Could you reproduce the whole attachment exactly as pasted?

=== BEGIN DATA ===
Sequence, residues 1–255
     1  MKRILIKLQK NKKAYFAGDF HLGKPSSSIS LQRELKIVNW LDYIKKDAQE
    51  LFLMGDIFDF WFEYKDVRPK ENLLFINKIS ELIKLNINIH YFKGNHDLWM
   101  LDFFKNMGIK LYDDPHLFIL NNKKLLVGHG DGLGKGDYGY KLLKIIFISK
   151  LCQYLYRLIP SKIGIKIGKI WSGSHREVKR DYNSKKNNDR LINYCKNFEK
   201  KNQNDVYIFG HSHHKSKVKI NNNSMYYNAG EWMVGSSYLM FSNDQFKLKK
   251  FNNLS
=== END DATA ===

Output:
Sequence, residues 1–255
     1  MKRILIKLQK NKKAYFAGDF HLGKPSSSIS LQRELKIVNW LDYIKKDAQE
    51  LFLMGDIFDF WFEYKDVRPK ENLLFINKIS ELIKLNINIH YFKGNHDLWM
   101  LDFFKNMGIK LYDDPHLFIL NNKKLLVGHG DGLGKGDYGY KLLKIIFISK
   151  LCQYLYRLIP SKIGIKIGKI WSGSHREVKR DYNSKKNNDR LINYCKNFEK
   201  KNQNDVYIFG HSHHKSKVKI NNNSMYYNAG EWMVGSSYLM FSNDQFKLKK
   251  FNNLS